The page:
Three years ago I attended an architectural photography workshop in Chicago. It was my first opportunity to work with medium format digital and with a modern technical camera. It was immediately the obvious next step for how I wanted to work and where I wanted to take my photography. Since then it's been a waiting game for when I thought I was actually ready, and when I thought the technology was worthy of this level of investment. It's an expensive system, and I only wanted to do this once.
For the last two months I've quietly been working with a completely new camera system. I went with a Phase One IQ260 digital back, and an Arca Swiss R3mdi technical camera. Everything is different. The process of making a photograph in the field is different, it's a slow, measured, more thoughtful process. This is not a point and shoot camera. This is an artist's camera in which you think, compose and then create an image. It's a process I enjoy greatly and I'm ready to talk about it.
Why digital medium format?
1. Image Quality
Even compared to my Nikon D800 this is the easily one the greatest advantages. Lots of important science goes in to this system. A sensor 2.5 times the size of full frame 35mm digital, paired with amazing lenses. It's optics, it's science.
The resulting resolution of a technically well shot image is stunning. For example, take these images below. I wanted to put the camera to work, and my client SmithGroupJJR was nice enough to let me point it at their new DC Office. The original image is on the left, showing the entry and how their building nicely craddles the Corcoran Gallery. The image on the right is a rather large crop—a large crop in the corner of a shifted image. The results were stunning, the cropped image was still 16 megapixels. Plenty sharp and large enough for various usages.
2. Slowing Down
Everything I've done to slow down my photography has resulted in better images. Planning ahead, thinking about what I'm photographing before I photograph it, using perceptive correction lenses, tethering, lighting a scene, etc. These things, while slowing you down, make for better images. Images last forever. Slow down, it's for the better.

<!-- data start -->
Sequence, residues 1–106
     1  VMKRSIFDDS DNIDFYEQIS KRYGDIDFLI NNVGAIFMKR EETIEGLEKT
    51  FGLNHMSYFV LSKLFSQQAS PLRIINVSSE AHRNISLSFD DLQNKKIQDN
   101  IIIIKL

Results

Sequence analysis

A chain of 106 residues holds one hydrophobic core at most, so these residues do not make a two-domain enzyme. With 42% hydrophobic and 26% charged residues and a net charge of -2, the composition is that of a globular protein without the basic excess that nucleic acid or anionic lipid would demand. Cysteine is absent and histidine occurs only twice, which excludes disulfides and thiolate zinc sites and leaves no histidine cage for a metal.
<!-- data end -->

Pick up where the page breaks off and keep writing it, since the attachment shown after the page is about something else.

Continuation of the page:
3. I did it all for the movements
A DSLR can shift about 11mm up/down/left/right. That's just ok. Clearly, I worked 4 years with DSLRs, so it works. The Arca Swiss R3mdi can shift so much more. 30mm up, 20mm down, 15mm left/right. Because of the way it moves you can stitch those images together far easier than you would on a DSLR. Of course your lens' image circle makes a difference in how much of that you can actually use, but the possibilities are endless.
4. Why Phase? Why ArcaSwiss?
Initially I wanted to go with ALPA tech camera. I used their system in Chicago and thought very highly of it. It turns out when I was demoing systems I went to their only US rep at the time FotoCare in New York. I was so underwhelmed by Fotocare and their lack of service that I could not in good faith give them a penny of my money.
Thankfully, friend and fellow architectural photographer Jeffrey Totaro pointed me to DigitalTransitions. The team at DT was, and has continued to be fantastic. My giant thanks to Jeffrey for being extremely helpful and generous with his time and knowledge.
I went with the Arca Swiss R3mdi for a few basic reasons. You can shift like crazy on it. You can tilt with every lens, something that you can't do on ALPA. Terrific support from Digital Transitions. And last, and least important, I thought the Cambo systems were ugly. Sorry Cambo.
7. Transitioning from Aperture to Capture One Pro 7.
My software workflow has also changed a great deal. I'm moving from a mature, very efficient workflow I developed while using Apple's Aperture to now tackling the learning curve of Capture One Pro 7. To date, for all it's lagging in updates and major new releases, nothing comes close to the amazing organization and workflow tools of Aperture. That said, Capture One's imaging processing is unparalleled. So in the pursuit of image excellence I'm diving in. Slowly but surely I'm getting better and faster at it.